Some statements move from ending with a question mark to a period to an exclamation point. We used to say, “War with Iran?” Now it’s time to say “War with Iran.” The exclamation point will come into usage once the actual attacks begin.
Iran has no allies that aren’t using it as a bargaining chip. If the USA makes the right concessions, Iran can be diplomatically isolated. Therefore, a war can happen. I’m not going to get in too deep about what the US would have to do to get Russia and China to step away from Iran, but the US would do what it takes to make that happen.
The communiques from Washington are increasingly stern: the ones from Israel non-existent. When official statements become blunter, fewer in number, and more like ultimatums, war is imminent. It’s a fact of diplomacy: any student of history can see how communications deteriorate in the buildup to war. When both sides anticipate conflict, both sides shut down the presses as they gear up for conflict. When only one side makes ready for war, the other carries on with florid prose. Iran expects war: witness their recent statement that the products of their enrichment plant “will blind the eyes of their enemies.” Hardly florid prose. That kind of talk constitutes fightin’ words.
With neither side offering hope of a diplomatic solution, war will come to Iran. Israel makes no secret of its desire to bomb Iran’s facilities and needs say nothing about how it can use a nuclear option – it has from 100 to 200 nuclear weapons. To be sure, if Israel uses a nuclear option, it’ll have to overcome a few legislative hurdles to continue receiving US military aid. With the current administration and tensions, those hurdles would be overcome. However, the more serious impact would be that Israel would open itself up to justifiable nuclear retaliation. The US contemplated a nuclear option against Vietnam, but decided against it because of that consideration. Our forces in Vietnam were concentrated and therefore vulnerable to a strike. Israel is even more concentrated and even more vulnerable to a single nuclear weapon. A detonation in Tel Aviv could create a firestorm that would engulf everything from Ashdod to Netanya on Israel’s Mediterranean coast. A strike on Haifa would destroy the rest of Israel’s coastal strip and a little bit of Lebanon. That would wipe out most of Israel’s population in an instantaneous holocaust. Israel would have to move very carefully so as not to trigger something like that happening.
But Israel also doesn’t want to see an unprovoked nuclear attacked wiping out their nation: that’s why Israel doesn’t want Iran to have nuclear capabilities. Frankly, I don’t want to see Israel or any nation face a nuclear attack. My opinion on disarmament, however, will have to wait for another article. Would war with Iran end the threat to Israel?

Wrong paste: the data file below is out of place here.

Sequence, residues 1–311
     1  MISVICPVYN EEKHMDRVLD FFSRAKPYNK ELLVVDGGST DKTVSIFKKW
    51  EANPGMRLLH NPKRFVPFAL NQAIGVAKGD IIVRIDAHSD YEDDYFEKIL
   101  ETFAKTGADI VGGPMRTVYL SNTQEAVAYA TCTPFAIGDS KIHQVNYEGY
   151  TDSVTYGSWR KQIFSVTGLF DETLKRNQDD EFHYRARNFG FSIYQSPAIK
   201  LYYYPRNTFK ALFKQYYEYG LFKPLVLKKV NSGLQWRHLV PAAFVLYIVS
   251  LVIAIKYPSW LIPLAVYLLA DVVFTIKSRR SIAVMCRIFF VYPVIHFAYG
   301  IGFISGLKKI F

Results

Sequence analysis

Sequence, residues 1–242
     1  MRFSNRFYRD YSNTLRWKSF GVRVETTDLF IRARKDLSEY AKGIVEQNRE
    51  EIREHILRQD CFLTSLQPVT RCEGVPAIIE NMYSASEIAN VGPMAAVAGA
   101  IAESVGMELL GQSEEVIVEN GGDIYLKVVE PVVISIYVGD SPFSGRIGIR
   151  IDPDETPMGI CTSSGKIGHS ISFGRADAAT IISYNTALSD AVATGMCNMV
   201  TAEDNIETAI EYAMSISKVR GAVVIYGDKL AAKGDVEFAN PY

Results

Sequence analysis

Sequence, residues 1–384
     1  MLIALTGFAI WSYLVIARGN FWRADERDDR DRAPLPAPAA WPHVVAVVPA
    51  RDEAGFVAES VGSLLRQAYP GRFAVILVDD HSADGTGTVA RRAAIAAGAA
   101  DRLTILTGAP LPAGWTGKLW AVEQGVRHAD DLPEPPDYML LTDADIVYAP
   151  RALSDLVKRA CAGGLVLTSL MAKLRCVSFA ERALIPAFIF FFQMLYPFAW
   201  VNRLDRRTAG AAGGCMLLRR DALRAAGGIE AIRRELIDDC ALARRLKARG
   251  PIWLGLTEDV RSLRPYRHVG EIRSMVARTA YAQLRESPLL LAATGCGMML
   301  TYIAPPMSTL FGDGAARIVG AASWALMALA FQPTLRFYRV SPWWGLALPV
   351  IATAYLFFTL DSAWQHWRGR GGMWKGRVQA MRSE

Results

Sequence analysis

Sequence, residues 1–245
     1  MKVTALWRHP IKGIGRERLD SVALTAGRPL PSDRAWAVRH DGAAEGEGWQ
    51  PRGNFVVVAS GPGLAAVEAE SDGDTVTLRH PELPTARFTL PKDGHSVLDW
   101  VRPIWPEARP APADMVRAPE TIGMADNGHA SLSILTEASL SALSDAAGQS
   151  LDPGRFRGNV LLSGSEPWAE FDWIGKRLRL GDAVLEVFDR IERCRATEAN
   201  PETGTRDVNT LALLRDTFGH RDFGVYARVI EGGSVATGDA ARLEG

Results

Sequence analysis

No, it won’t. It’ll end the threat from Iran, but not from the rest of Israel’s enemies, which it would have to deal with in turn. But for the short run, war with Iran would leave it like Iraq: broken and desperate to build back up.
For its own defense, Iran would have to fight asymmetrically. That means more than just terrorists and suicide bombers. Iran would have to mine the Straits of Hormuz, where one-third of all the world’s oil passes. Shutting down the Straits of Hormuz would devastate the global economy more than a few bombed-out cities. A huge chunk of the USA’s oil passes by Hormuz, so the USA must take that into account when planning a war with Iran. It would have to secure the Persian Gulf before Iran had a chance to disrupt shipping severely. We’d still see a huge spike in oil prices, no matter what, as there’s no way for the Gulf to escape completely unscathed in a war with Iran. US forces could move in to secure the Gulf and clear mines, but prolonged conflict would keep a risk premium on crude oil from the region.
Which then begs the question of what the war’s impact on the US economy would be. If the intention is to avoid deflation, then a war will work very tidily to boost demand. We’ll just have to go deeper in debt to do so, and therein lies the rub. We’re already worried about where the money to fund everything else will come from: how will be borrow for another war on top of all that? If we just print money to pay for everything, we’d be doing what Serbia did in its war with Bosnia and wind up courting inflation rates approaching Zimbabwe levels. That’s one way of avoiding deflation, I suppose…
But we’re heading for war. I’m pretty sure about that. Israel may act unilaterally to draw us in or we may go in first to keep the heat off Israel, but war will happen. Iran has to decide between mining Hormuz early and drawing the attack or receiving the attack first and possibly losing the opportunity to shut down the Straits of Hormuz. My guess is that Iran would draw the foul so that it can preserve world support for the long haul. Shipping would be messed up enough as is with a war in the region, but if it’s due to the US action, then the US would have to take the blame for wrecking the world economy.
We’re done with the question mark and we’re at the period. It’s a matter of time before we get to the exclamation point.